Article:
The food and beverage industry is building up an appetite for the Industrial Internet of Things (IIoT). Cloud, mobility, big data, predictive maintenance, Smart Manufacturing and Industrie 4.0 are more than just buzzwords – they’re technologies and concepts being used today to improve quality and safety, reduce costs and increase recipe agility to remain competitive in the market.
The question is, how can food and beverage manufacturers leverage the IIoT to achieve business value? In this blog I will introduce three best practices for implementing IIoT technology. By following these guidelines, manufacturers can drive operational excellence across global value chains, increase asset utilization, improve overall equipment effectiveness (OEE), lower costs, improve end-to-end product quality and increase food safety.
Food and beverage manufacturers have typically already invested in a number of solutions to automate processes and provide visibility into how operations are performing, but plant data is often trapped in silos and isn’t easily accessible throughout the enterprise. Hardware agnostic platforms with open connectivity add capabilities and visibility without requiring a rip-and-replace approach. Open connectivity also helps bridge the divide between “back office” information technologies (IT) and “plant floor” operational technology (OT) for improved information sharing between plant and enterprise systems.
One of the major hurdles to plant modernization is cost. Respondents to a recent Food Processing survey listed financial constraints as their top concern when implementing a technology, citing either CAPEX limitations or uncertainty over project ROI. Cloud-based solutions for functions such as data management, analytics or OEE monitoring offer a low cost alternative to traditional installations, providing the capabilities of on-premises solutions with lower IT and system maintenance costs. If there are concerns over the safety and security of the cloud, a hybrid deployment offers the best of both worlds by storing sensitive data on-premises and pushing shareable data to the cloud.
Food and beverage companies can also reduce total cost of ownership of manufacturing operations management systems through a model-driven deployment approach. For real time production control, critical production event capturing and material traceability, a model-driven Manufacturing Execution System (MES) allows companies to standardize processes across multiple sites and leverage global best practices for low cost multi-site deployment and improved operational performance.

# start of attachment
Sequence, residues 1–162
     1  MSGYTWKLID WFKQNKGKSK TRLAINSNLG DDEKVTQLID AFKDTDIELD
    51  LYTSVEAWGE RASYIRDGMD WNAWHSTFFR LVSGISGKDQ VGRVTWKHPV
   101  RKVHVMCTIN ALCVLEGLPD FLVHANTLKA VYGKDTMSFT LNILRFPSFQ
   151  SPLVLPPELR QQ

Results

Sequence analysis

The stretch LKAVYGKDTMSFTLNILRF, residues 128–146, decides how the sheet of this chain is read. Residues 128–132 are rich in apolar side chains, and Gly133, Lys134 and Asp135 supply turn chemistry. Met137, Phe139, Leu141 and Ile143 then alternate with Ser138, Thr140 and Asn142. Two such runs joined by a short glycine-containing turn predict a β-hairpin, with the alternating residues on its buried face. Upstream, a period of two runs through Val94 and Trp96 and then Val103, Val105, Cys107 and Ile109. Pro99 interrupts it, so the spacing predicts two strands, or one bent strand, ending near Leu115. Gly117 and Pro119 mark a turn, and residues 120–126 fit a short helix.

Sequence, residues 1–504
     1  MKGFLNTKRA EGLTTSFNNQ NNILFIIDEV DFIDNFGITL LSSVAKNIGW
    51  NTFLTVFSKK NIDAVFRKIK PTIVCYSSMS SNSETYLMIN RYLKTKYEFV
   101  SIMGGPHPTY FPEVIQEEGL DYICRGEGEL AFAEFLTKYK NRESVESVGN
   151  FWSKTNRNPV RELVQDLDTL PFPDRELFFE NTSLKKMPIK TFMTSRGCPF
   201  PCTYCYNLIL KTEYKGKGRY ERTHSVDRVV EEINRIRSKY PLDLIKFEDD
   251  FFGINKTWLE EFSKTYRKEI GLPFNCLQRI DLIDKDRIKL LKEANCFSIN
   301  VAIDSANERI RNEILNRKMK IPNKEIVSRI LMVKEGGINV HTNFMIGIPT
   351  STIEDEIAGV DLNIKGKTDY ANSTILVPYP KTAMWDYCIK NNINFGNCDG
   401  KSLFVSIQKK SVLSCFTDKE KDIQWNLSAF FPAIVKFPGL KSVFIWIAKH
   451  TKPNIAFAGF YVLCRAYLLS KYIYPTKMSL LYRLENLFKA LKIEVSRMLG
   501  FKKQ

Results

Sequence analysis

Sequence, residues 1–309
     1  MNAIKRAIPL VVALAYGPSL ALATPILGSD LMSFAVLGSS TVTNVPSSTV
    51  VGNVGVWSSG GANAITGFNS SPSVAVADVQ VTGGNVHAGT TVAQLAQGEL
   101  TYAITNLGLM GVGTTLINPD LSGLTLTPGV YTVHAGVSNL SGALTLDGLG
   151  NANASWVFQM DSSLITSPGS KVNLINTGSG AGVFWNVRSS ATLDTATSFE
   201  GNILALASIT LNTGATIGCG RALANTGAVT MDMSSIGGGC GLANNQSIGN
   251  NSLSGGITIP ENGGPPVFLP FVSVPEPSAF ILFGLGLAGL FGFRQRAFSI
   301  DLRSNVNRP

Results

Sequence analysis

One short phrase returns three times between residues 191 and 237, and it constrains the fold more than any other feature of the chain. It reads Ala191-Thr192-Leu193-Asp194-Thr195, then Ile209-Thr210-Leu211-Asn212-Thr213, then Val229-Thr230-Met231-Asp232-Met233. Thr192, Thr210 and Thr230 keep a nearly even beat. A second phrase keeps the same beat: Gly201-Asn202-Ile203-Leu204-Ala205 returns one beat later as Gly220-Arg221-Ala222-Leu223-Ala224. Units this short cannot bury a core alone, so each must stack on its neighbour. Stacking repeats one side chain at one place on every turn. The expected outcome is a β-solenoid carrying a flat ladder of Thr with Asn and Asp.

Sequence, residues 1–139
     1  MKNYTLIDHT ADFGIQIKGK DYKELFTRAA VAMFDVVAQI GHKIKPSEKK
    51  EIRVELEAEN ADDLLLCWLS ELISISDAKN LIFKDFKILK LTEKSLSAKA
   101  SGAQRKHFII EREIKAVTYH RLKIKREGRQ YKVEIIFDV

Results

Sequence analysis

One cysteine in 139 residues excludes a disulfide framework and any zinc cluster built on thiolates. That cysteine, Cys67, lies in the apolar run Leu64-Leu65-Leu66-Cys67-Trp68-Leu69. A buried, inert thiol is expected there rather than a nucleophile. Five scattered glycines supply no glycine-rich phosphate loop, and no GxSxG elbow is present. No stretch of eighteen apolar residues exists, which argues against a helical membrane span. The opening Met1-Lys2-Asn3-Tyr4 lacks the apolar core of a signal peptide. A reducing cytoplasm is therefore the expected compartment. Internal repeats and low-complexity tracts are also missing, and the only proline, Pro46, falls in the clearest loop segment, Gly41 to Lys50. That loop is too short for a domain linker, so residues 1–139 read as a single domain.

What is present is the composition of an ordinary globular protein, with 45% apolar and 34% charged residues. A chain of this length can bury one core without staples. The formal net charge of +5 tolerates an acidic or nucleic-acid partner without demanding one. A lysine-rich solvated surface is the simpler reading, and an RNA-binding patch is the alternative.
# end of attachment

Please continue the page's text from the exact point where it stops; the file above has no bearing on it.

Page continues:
While the majority of conversation around IIoT has focused on the effects of machine-machine communication, perhaps the greatest benefit is its ability to empower people to make more informed decisions. The IIoT offers nearly limitless opportunities to provide the right people with actionable insights on the right device, at the right time. Using advanced predictive analytics, manufacturers can get be alerted to anomalies days, weeks, or months before problems occur for proactive planning. Early warning notification and fault diagnostic techniques enable improved asset performance, reliability and availability.
Mobile technology is also underutilized in the food and beverage industry. In a recent Automation World survey, only 36 percent of respondents were using mobile technology to track production parameters. This represents a big potential competitive advantage for companies that embrace mobility – enhanced information access empowers people to be active participants in real-time work streams, giving them the information required to improve decision-making.
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Implementing IIoT technology is not one-size-fits-all and I recommend taking a step-by-step approach. At Schneider Electric our model-driven MES, industry specialized solutions, global network of partners and leading position in the food and beverage industry enable us to provide the best services to our customers with the fastest time to value.
Keith Chambers is responsible for strategic direction, commercialization and development for Schneider Electric Software’s operations management portfolio globally. Keith has over 20 years’ experience in the automation, software and MES business with a focus on manufacturing operations software in the food and beverage, CPG and life sciences industries.
This blog post originally appeared on the Schneider Electric Blog.
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